“It’s really the wildlife populations [that provide] a measurable barometer of your conservation success. If your wildlife populations are not recovering, then you are not compensating for the losses you’re causing. That’s the bottom line,” Molvar said. “Doing the job right in the first place is where the benefits lie for wildlife. Not trying to throw some money at a problem that you’ve created after the fact.”
Pathfinder LLC officials say their proposal would differ from the type of mitigation done for drilling in the Upper Green because it has to demonstrate increases in wildlife numbers before getting approval to sell mitigation credits. The benefits have to be “in the bank” to earn IRT approval.
Still, Molvar and the Biodiversity Conservation Alliance would prefer that wind developers focus on minimizing their impacts during the initial phases of construction.
“The ball game is about siting your wind farm in an area where it’s not going to have impacts. That’s the big deal,” Molvar said. “Any additional mitigation off-site is icing the cake once you’ve avoided the major impacts through your siting decisions.”
That is what Pathfinder appears to be doing with its Bordeaux and Slater projects, which neither Fraley, Molvar, Wyoming Game and Fish nor area landowners expect to have wildlife impacts.
In November, 2008, the Biodiversity Conservation Alliance laid out its criteria for good siting decisions in a report called Wind Power in Wyoming: Doing it Smart from the Start. The document made use of scientific data and GIS maps to determine areas that would be most suitable for wind development.
Notably, the report suggested, “By steering wind projects away from lands where industrial development would be prohibited or controversial, wind power generators can reap the benefits of speedier approval processes and strong public support.”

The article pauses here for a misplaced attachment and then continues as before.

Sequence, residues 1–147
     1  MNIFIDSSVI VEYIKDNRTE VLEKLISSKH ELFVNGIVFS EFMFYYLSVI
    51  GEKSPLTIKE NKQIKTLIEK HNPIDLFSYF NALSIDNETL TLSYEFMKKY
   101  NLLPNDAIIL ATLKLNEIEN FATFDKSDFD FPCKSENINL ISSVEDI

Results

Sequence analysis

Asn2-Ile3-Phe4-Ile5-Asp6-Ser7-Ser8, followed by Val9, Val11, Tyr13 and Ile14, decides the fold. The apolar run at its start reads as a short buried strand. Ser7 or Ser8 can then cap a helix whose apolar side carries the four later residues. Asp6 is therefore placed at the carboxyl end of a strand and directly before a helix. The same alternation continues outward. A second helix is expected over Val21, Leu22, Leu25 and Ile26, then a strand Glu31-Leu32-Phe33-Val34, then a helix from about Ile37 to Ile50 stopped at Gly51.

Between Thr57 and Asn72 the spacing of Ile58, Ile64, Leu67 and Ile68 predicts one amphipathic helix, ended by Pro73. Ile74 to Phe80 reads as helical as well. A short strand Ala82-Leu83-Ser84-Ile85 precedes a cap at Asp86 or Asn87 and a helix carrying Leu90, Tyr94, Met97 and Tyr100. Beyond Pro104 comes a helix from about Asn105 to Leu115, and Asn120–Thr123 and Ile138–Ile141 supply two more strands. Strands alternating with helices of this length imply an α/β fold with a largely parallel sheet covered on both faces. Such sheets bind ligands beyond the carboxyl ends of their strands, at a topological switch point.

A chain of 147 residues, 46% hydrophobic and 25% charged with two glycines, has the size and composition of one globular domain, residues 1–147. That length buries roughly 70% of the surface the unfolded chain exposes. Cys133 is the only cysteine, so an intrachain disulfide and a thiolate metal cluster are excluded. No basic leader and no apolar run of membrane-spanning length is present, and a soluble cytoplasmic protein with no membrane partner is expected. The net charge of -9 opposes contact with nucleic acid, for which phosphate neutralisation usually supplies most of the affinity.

Some Slater and Bordeaux area landowners — particularly those who wish to develop wind energy — strongly support that statement.
“I have every faith in Pathfinder,” said Larry Bacon, who is part of the Bordeaux Wind Energy Association. “I’ve lived in this land for 30 years, and they finally figured out something this land is good for. That’s an amazing concept.”
Bacon’s landowner association represents about 14 landowners who, collectively, own about 15,000 acres.
“This [wind project] is the least imposing on our environment [and] the communities. I think it’s going to be a big asset to bring in some economic development through the jobs. And my opinion is there’s nothing but good,” Bacon said.
Bacon said he believes Pathfinder Renewable Wind Energy will do a good job of protecting wildlife in the project area. The company currently has a wildlife team in the field collecting baseline habitat and animal population data.
“It’s not going to hurt anything around here. I think it will be less damaging to the environment than oil wells would be,” Bacon said. “Once the towers are put up and the land is rejuvenated, I think we’re hardly going to know they’re here,” he said.
Chugwater resident Dan Kirkbride, a former Platte County commissioner, said the promise of economic growth has compelled most people to look positively on wind development in Platte County.
“People are hoping that there might be some new jobs for Chugwater, something that would strengthen the community,” said Kirkbride, adding that locals may be in for a bit of a shock when the wind towers are finally erected.
“We may be naive, but everyone is pretty positive and hopeful about it,” said Kirkbride.
Molvar also praised Pathfinder’s efforts at wind farm planning in Platte County.
“From what I’m hearing Pathfinder is doing quite a good job to get the siting right in addition to doing some off-site mitigation as well,” Molvar said.
— Greg Nickerson is a University of Wyoming-trained historian and writer from Big Horn. He has worked on documentary films in Nicaragua, Yellowstone, and Philadelphia, and held jobs as a museum curator and hunting guide.